Explosive limit

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Mixtures of flammable gases, vapors or dusts with air and thus the oxygen they contain are explosive in certain mixing ratios typical of the substance . These mixing ratios determine the explosion range, which is described by its two explosion limits , the upper and lower explosion limits (UEG or LEL):


Explosion limits are the limits of the so-called "explosion range". The lower explosion limit (LEL) and the upper explosion limit (UEL) are the lower or upper limit value of the concentration (proportion of substance) of a flammable substance in a mixture of gases, vapors, mists and / or dusts, in which a Flame independent of the ignition source can no longer propagate independently.

The range below the lower, including the explosion limit itself, in which the concentration of the combustible substance is too low, is also referred to as a mixture that is too lean . The range above and including the upper explosion limit is referred to as a mixture that is too rich . Here the concentration of the flammable substance is too high to react explosively. A rich mixture can be further diluted by supplying air and thus get under the OEG and thus become explosive . A lean mixture can become greasy through the addition of fuel, for example through evaporation or the supply of fuel gas, and thus reach an explosive substance concentration. The explosion limits also change with changes in pressure and / or temperature. The humidity also has a not inconsiderable influence.

The explosion limits are also referred to as ignition limits ; they are temperature and pressure dependent, among other things. In the case of dusts, the particle size and the particle size distribution of the solid also have an influence on the explosion limits.

The explosion limits are not physical constants, but so-called “ safety-related parameters ” which, in contrast to the physical constants, are very much dependent on their method of determination.

In the context of a risk or hazard assessment, it must therefore be ensured that, in the case of practical application, it may be necessary to verify in individual cases whether the information on the explosion limits given in the literature can actually be used in terms of safety.

If the concentration of the flammable substance in the air is above the lower explosion limit and below the upper explosion limit, the mixture is called an explosive atmosphere under atmospheric conditions . Under other than atmospheric conditions or other oxidation partners than atmospheric oxygen, we generally speak of an explosive mixture. In general, atmospheric conditions are understood to mean an ambient temperature range between −20 ° C and 60 ° C and a pressure range between 0.8 bar and 1.1 bar. [ATEX guidelines, directive 94/9 / EC] [guidelines for explosive atmospheres].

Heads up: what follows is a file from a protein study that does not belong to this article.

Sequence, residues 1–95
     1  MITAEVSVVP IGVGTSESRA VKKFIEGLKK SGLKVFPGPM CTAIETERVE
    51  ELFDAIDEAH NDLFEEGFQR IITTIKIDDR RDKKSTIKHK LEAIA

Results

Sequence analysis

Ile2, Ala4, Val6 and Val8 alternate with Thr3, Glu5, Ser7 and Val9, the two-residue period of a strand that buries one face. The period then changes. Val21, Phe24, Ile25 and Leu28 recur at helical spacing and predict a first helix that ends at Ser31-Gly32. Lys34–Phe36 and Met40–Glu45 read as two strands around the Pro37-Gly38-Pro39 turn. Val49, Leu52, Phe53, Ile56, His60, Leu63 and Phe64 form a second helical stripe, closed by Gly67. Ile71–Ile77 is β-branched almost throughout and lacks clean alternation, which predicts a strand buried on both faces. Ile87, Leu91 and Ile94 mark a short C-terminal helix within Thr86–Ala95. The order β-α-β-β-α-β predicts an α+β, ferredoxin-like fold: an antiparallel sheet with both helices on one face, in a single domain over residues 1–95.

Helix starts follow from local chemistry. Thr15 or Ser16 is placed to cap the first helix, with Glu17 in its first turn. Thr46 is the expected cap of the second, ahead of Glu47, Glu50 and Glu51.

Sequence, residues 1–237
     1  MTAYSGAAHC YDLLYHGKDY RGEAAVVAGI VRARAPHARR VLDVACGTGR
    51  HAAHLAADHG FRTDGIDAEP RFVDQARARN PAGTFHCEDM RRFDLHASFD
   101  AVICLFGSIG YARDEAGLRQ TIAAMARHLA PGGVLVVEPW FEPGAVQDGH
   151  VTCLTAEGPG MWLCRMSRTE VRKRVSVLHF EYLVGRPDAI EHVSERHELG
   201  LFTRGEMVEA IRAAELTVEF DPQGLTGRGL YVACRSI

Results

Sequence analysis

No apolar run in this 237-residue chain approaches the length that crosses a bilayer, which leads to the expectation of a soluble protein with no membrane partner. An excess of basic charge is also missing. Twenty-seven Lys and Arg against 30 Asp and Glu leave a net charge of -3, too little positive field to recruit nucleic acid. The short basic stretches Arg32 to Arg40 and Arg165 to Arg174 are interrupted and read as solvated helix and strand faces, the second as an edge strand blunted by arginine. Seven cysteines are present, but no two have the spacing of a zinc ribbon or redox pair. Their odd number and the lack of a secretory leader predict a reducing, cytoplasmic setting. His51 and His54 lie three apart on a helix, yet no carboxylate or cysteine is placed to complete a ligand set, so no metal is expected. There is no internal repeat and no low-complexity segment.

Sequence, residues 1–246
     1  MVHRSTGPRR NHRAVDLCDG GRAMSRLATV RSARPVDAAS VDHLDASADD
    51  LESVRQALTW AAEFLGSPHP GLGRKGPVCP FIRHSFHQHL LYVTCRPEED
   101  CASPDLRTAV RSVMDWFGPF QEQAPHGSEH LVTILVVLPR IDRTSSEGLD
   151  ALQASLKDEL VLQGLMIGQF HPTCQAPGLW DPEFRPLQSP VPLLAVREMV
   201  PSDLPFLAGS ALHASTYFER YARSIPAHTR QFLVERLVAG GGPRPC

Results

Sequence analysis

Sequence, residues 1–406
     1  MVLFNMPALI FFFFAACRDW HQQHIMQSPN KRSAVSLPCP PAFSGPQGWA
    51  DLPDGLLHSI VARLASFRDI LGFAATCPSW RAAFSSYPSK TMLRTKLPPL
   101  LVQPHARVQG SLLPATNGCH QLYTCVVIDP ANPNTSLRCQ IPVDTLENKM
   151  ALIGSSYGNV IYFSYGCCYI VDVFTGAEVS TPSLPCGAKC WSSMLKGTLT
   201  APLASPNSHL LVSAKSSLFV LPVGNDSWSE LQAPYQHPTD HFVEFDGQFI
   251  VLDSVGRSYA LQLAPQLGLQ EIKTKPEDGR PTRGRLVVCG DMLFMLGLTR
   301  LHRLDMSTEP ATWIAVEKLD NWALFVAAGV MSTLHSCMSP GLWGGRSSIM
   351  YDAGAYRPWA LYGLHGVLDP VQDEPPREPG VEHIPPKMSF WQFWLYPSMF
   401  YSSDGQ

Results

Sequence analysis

The concentration of the combustible gas or vapor ( fuel to air ) is given in vol .-% or mol-% . In contrast to this, the air ratio lambda is used for the ignition limit with the specification of the weight fraction ( air to fuel ). The following relationship applies to ideal gases: 1 vol .-% = 1 mol% = 10,000 ppm . The stoichiometric volume ratio and lambda = 1 means approximately the highest risk of explosion and the best possible ignition.

The following table shows the lower and upper explosion limits for some gases when mixed with air. Further numerical values can be found in tables and for some substances in the safety data sheets .

Flammable gases LEL (lean)
in% by volume
in vol .-%
OEG (fat)
in% by volume
Carbon monoxide 10.9 30th 76
Methane (natural gas) 4.4 9.5 16.5
hydrogen 4th 30th 77
Ethyne (acetylene) 2.5 7.7 80
propane 1.7 4.0 10.8
Monosilane 1.5 ? 98
Flammable vapors LEL (lean)
in% by volume
in vol .-%
OEG (fat)
in% by volume
Nitromethane 7.3 ? 22.2
Methanol 6.7 ? 36
Ethanol (ethanol) 3.4 6.5 19th
petrol 1.4 ? 7.6
Kerosene 0.7 ? 5.0
diesel 0.6 ? 7.5

Individual evidence

  1. ^ Roy Bergdoll, Sebastian Breitenbach: Die Roten Hefte, Heft 1 - Burning and Extinguishing . 18th edition. Kohlhammer, Stuttgart 2019, ISBN 978-3-17-026968-2 .
  2. Final report on the research project, the dependence of safety parameters on the pressure below atmospheric pressure. In: D. Pawel, E. Brandes. Physikalisch-Technische Bundesanstalt (PTB), Braunschweig, 1998, accessed on February 29, 2020 .
  3. a b E. Brandes, M. Thedens: Characteristics of explosion protection under non-atmospheric conditions. ( Memento of March 4, 2016 in the Internet Archive ) (PDF; 432 kB). Physikalisch-Technische Bundesanstalt, 2003.
  4. a b Gases - Explosive and Flammability Concentration Limits , (English).
  5. E. Brandes, W. Möller: Safety-related parameters. Volume 1: Flammable Liquids and Gases. Wirtschaftsverlag NW - Verlag für neue Wissenschaft, Bremerhaven 2003.
  6. Chemsafe. Retrieved March 12, 2020 .
  7. New lower explosion limit values ​​(LEL) for flammable gases and vapors in air. (PDF) State Fire Brigade School Baden-Württemberg, September 7, 2007, accessed on August 9, 2016 .